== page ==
"The universe hasn't finished with us yet. There will always be some alien species visiting Earth. And why not? It's a wonderful place to be. Just remember who lives here."
IN THIS ONE... Mrs. Wormwood and Kaagh open the Eye of Horath.
REVIEW: Part 2 of this story isn't a failure, but I will accuse it trying too hard. It's got too many villains; Wormwood and Kaagh are fine as outcasts from their respective people, but the growling OTT Major Kilbourne proving to be a Bane Clyde can apparently wrestle down on a couch is one too many. Its stakes are too big for its means; Horath as, essentially, a block transfer computation machine, doesn't really appear, replaced with a cool enough portal into which the villains will end up falling because... It's got too much story, and has to fudge the resolutions; no consequences for destroying the Scroll (or any remains, somehow), Kaagh's sudden turn obviating the climax, the Brig getting sidelined. And then there's that epilogue that goes on and on and overuses the SJA trope of the team looking up at the sky while Sarah Jane comes up with yet another speech about the wonders of the universe. They've outdone themselves in making it look stagey this time.
That said, I still think Russell T Davies could have used Phil Ford's help on his scripts. The stories have the same insane, anything-goes feel to them, but Ford seems to preempt audience complaints with dialog. If you thought it was really convenient half of the MacGuffin, an apocalyptic computer god, was buried on Earth, Luke concludes that Horath is really in another dimension, and the artifacts merely create the portal needed to let it escape. It's small touches like this that keep the stories from becoming too unbelievable, something New Who itself struggles with. Ford also makes sense of RTD's naming of Mrs. Wormwood, giving her a role in the possible destruction of the universe, as per the Biblical origin of the name. And while I wanted more Lethbridge-Stewart than I ultimately got, he still gets to defeat the Bane with aplomb and a trick cane. Because all former companions have cool gadgets now.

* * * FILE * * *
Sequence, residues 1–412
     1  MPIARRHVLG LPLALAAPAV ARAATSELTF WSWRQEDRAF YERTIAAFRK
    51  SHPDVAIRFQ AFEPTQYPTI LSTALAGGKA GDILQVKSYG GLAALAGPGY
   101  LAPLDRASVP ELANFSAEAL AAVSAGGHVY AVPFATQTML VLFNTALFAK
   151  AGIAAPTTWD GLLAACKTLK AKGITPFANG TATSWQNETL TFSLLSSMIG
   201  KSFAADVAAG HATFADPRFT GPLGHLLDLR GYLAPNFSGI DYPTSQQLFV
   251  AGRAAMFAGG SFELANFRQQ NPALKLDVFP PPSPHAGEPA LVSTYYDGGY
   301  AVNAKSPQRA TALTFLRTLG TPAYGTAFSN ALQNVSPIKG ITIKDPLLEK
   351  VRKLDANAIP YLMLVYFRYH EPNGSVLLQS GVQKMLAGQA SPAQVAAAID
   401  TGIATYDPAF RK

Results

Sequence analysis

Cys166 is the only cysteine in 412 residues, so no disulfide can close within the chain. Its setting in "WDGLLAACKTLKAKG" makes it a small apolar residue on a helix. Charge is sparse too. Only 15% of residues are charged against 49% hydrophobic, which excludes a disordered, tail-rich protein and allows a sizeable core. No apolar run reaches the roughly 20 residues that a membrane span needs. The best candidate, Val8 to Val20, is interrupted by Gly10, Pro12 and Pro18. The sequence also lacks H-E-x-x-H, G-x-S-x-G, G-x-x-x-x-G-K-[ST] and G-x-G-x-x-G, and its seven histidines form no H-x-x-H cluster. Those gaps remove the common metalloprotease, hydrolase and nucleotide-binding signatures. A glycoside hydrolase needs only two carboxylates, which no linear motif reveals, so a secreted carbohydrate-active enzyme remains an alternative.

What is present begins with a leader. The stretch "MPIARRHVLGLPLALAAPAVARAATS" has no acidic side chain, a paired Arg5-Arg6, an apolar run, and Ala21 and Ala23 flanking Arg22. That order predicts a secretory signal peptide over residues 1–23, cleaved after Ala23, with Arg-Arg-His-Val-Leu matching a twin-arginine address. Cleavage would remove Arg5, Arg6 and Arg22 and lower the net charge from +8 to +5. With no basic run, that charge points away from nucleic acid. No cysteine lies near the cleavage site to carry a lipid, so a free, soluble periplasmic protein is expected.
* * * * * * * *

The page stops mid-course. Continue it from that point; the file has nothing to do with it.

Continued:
At the heart of it all is, and must be, the characters. This is really Luke's story, and his bravery makes him sacrifice is happiness for the lives of his friends. Wormwood becomes rather obsessed with making him her son, hurting from having lost all her kin since her original appearance. But the Bane don't have the same relationship with family humans do, and none of her talk of destiny and power does anything to swing Luke's loyalty her way. It's Nature versus Nurture, and in the story's opinion, the latter is more important than the former. It's, I think, a good message to give adopted kids who may be watching, though hopefully, their biological parents weren't quite so monstrous.
REWATCHABILITY: Medium - Over-egging the pudding, though I can't deny its considerable qualities.